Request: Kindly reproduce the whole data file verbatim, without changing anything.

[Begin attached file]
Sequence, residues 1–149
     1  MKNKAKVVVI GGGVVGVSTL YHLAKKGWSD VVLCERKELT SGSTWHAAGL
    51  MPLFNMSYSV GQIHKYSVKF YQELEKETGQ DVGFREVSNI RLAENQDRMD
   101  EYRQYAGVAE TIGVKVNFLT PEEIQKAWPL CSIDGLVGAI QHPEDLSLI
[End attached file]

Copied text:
Sequence, residues 1–149
     1  MKNKAKVVVI GGGVVGVSTL YHLAKKGWSD VVLCERKELT SGSTWHAAGL
    51  MPLFNMSYSV GQIHKYSVKF YQELEKETGQ DVGFREVSNI RLAENQDRMD
   101  EYRQYAGVAE TIGVKVNFLT PEEIQKAWPL CSIDGLVGAI QHPEDLSLI